Area designs have slowly been creeping their way into editorials over the last few seasons for international titles including Oyster, Vogue and Teen Vogue among others. Producing four glamour-infused collections a year stemming from unique inspirations that pay homage to the past with a future-focused lens, it is little surprise that industry heavyweights have taken note. This past June, the pair were announced as finalists for the CFDA/Vogue Fashion Fund Program; an accomplishment which has seen them emerge alongside noteworthy fellow participants Adam Selman and Ji Oh. Being heralded by such powerful forces in the industry shocked the pair. “We were in disbelief originally, it’s really such an honor to be considered part of the programme,” says the designers. The programme has definitely upped the pressure, catapulting them into the global spotlight, but the mentorship that comes along with it seems to be the perfect opportunity for the designers to learn how to grow and push their young brand forward. “We have done many site visits with judges who have come by our studio. They offer advice certainly, but are very careful not to try and change our creative approach. The programme has really changed the way we think about our business, it’s given us a lot of confidence to push forward the commercial side of our brand,” says the pair.
The Area team is committed to using technology as a means to improve their products. “We are really interested in technology that increases the performance, or practicality of a textile or garment. For our embossing process, we use hydrophobic technology to make the embossing permanent,” says the designers. Their interest in such properties has led them to join the textile research library, Materials Connexion, which they foresee being the perfect resource in teaching them about technologies that can aid their development of commercial products like jeans and t-shirts. Their use of technology is apparent and is strongly affiliated with their brand identity, but they are careful to note they don’t adopt it just for the sake of doing so. “We use it practically,” says the duo whose designs prove that true craft can very well be preserved even when married with innovation and new technologies.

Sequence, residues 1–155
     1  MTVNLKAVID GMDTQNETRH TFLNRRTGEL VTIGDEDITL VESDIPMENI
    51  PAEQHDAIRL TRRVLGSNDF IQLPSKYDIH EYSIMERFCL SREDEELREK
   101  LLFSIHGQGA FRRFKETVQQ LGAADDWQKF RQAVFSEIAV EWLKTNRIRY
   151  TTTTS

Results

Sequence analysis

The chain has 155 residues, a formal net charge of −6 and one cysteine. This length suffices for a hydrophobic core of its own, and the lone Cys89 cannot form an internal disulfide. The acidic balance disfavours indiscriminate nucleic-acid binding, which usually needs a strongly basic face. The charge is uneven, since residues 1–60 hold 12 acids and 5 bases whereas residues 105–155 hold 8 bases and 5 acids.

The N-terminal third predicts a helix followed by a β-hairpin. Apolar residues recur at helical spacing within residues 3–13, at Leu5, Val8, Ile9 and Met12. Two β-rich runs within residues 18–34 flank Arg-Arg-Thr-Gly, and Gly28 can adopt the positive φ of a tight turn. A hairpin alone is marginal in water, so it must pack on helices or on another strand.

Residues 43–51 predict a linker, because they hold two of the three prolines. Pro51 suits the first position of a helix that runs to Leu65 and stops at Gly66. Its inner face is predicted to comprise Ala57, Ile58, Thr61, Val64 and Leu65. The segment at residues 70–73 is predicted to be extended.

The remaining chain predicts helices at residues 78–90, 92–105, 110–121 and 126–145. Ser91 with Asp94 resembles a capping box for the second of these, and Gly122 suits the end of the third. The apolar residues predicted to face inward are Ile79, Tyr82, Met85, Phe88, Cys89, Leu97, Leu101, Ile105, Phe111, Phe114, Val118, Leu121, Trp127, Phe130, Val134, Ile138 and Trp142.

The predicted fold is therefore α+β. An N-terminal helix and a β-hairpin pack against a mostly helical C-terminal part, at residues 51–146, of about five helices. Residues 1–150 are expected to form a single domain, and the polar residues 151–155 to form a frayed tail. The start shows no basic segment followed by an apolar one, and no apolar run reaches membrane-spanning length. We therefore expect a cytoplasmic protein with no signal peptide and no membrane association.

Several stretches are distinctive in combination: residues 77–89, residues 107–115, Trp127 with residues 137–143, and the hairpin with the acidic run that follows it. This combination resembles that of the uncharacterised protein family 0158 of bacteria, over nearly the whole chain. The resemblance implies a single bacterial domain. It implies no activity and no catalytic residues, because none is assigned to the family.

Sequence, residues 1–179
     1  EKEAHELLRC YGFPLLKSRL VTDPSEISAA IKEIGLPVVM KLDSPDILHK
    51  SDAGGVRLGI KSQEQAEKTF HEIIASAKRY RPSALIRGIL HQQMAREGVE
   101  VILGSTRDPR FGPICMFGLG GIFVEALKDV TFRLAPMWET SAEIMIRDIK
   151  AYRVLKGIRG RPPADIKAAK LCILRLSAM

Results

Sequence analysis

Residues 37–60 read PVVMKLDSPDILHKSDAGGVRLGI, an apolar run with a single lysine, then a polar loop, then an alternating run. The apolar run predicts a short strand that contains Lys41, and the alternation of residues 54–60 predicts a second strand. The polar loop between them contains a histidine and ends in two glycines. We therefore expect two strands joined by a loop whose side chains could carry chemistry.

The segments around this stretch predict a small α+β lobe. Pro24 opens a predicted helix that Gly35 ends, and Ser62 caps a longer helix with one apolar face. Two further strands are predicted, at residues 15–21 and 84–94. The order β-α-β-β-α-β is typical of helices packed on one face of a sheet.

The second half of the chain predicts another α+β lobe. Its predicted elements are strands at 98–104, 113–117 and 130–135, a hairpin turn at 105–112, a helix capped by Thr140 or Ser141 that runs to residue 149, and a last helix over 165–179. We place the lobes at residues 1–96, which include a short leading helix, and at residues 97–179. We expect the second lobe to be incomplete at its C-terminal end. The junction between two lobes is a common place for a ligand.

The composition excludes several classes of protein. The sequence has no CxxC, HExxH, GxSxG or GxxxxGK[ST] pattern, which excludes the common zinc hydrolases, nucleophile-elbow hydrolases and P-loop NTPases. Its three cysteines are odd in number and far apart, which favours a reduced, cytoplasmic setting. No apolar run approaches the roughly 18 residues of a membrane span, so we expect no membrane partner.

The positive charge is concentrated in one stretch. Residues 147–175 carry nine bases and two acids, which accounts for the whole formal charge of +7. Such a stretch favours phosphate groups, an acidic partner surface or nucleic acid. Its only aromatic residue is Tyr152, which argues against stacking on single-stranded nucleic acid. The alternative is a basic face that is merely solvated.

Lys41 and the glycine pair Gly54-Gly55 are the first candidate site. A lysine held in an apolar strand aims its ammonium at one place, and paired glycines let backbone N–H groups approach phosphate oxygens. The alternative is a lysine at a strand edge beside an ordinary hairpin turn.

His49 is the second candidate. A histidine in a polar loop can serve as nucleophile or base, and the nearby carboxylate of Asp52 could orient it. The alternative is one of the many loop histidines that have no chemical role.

Most designers face similar challenges: the ability to achieve continued commercial success, growth and expansion into other product categories, production, etc. All of these, however, are obstacles particularly burdensome to small brands who lack large teams, experience, and capital. With that said, one must wonder how Area has managed to develop an easily recognized aesthetic, (seen on Kim Kardashian and Bella Hadid) while consistently producing collections in an industry where newness and success can be so short-lived.
For one, the designers honour the tradition of design by sourcing inspiration at libraries and research centers such as the Fashion Institute of Technology’s library, home to a vast collection of historic and current design resources for reference. In contrast to this, they also note their growing reliance on social media (with a strong preference for the Instagram account @cometakeapuff.) “This season we started by looking at American editorials from magazines that were interpreting Parisian Fashion. We always do a lot of research at the library, but also online on Tumblr, Instagram, etc.,” says the pair. This melded approach to research and design has allowed Area to emerge as a cult-worthy label in the making that is destined to garner the continued attention it deserves as the seasons turn, and more collections are produced. Stay tuned.
Like this? For more on Area see how the brand uses its Instagram account to create a style dialogue here